Topics Discussed: cerebral hemisphere hemorrhage; germinal matrix hemorrhage; hematology; hematoma, subdural; hemorrhage, ventricular; intracranial hemorrhages; neurology; subarachnoid hemorrhage.
Excerpt:"An Intracranial hemorrhage (ICH) can occur in term and preterm infants. An ICH occurring in term infants tends to be subdural, subarachnoid, or subtentorial and is most related to birth trauma, hypoxic-ischemic events, coagulopathies (eg, thrombophilias or thrombocytopenia), and of an undetermined cause. An ICH in preterm infants is periventricular or intraventricular in location but originating from vascular rupture within the subependymal germinal matrix. Preterm infants may have periventricular hemorrhagic infarctions of white matter that follow germinal matrix-intraventricular hemorrhages.Definition. SDH involves tears of veins or venous sinuses traversing the subdural space. Vascular structures most affected are superficial cerebral veins, infratentorial posterior fossa venous sinuses, the inferior sagittal sinus, and tentorial sinuses and veins (eg, vein of Galen). Blood may accumulate and cause acute symptoms of intracranial pressure or reside as a hematoma that slowly evolves as a chronic subdural hematoma with increasing fluid accumulation and increasing intracranial pressure.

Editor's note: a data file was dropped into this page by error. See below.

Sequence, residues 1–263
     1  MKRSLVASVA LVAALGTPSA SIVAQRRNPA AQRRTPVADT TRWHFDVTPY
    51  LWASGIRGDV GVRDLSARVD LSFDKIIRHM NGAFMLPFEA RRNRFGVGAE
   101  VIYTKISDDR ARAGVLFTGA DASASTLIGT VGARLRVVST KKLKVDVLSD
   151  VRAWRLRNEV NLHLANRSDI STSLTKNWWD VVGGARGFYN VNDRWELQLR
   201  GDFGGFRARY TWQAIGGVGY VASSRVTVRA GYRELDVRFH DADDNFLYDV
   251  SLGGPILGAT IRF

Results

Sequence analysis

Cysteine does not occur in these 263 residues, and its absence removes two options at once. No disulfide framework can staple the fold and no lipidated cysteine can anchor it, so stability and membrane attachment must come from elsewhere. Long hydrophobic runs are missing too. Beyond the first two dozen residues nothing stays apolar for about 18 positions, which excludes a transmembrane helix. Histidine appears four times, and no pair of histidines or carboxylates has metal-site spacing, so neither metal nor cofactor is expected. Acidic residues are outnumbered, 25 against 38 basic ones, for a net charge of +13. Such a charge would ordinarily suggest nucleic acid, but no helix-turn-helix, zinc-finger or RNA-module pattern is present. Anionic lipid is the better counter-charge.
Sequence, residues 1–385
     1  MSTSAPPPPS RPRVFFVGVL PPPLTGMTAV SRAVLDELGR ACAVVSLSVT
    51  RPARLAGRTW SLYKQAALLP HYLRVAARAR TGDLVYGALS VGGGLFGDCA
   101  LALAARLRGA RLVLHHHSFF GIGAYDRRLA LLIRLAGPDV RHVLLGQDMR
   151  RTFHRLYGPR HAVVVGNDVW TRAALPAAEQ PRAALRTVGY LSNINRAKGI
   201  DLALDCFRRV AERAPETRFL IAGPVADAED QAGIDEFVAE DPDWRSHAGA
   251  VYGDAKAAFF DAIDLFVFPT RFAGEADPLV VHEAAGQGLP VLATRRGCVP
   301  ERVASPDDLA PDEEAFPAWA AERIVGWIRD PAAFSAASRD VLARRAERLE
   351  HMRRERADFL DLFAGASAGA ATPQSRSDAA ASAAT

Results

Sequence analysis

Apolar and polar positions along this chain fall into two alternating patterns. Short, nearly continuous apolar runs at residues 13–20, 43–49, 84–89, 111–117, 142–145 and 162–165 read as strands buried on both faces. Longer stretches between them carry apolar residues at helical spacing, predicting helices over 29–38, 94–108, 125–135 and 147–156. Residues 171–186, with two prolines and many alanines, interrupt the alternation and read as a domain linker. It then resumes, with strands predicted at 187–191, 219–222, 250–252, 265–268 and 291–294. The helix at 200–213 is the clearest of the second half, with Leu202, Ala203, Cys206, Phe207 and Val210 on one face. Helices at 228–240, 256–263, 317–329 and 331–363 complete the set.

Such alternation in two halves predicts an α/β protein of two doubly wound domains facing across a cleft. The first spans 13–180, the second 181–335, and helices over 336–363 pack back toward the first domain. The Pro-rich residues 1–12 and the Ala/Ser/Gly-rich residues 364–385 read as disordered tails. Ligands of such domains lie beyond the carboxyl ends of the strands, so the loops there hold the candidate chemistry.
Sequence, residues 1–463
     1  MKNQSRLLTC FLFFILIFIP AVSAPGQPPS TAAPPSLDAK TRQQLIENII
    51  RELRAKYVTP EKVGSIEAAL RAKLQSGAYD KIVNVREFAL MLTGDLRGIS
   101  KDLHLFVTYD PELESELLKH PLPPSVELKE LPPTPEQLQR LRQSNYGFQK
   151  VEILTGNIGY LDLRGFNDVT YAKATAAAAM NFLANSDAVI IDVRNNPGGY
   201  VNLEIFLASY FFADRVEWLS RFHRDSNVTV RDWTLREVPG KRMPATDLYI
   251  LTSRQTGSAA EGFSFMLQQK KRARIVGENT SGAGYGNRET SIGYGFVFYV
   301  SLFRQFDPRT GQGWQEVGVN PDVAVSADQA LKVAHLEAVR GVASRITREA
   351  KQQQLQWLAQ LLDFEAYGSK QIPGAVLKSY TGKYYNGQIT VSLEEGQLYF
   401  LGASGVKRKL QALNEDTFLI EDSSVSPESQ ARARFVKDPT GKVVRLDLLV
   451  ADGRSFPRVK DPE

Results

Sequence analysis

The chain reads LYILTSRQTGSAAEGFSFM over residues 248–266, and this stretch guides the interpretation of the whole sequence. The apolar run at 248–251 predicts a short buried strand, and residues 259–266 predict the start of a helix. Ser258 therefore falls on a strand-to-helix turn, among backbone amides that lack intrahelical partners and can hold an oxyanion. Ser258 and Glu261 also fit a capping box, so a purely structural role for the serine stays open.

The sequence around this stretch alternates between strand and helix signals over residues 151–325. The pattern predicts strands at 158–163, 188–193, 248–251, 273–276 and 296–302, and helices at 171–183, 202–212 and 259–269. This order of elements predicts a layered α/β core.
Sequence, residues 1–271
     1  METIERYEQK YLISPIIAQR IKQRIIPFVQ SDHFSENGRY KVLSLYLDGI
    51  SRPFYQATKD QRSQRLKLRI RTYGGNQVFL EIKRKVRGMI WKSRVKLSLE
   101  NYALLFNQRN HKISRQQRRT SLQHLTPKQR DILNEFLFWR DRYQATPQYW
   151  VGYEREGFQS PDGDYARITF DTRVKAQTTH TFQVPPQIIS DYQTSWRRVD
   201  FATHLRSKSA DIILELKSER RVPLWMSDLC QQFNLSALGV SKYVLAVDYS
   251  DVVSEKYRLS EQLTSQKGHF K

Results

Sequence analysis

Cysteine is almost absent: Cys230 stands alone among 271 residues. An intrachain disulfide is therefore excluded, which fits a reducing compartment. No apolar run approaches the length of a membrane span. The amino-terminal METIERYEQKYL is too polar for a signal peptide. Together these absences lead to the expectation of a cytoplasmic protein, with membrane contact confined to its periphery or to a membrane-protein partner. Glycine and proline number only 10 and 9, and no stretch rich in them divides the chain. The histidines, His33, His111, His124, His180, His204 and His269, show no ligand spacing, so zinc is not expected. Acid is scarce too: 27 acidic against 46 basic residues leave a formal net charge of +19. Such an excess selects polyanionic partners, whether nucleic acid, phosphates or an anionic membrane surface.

Incidence. SDH is uncommon in term and preterm infants. When it occurs, it usually follows a traumatic delivery of a late preterm or term infant. Among 111 asymptomatic term infants studied prospectively by MRI, 9 had SDH (8.0%), 3 after spontaneous vaginal deliveries and 6 after instrumented deliveries. None required treatment, and all were free of hematoma by 4 weeks of age. Moreover, all infants..."
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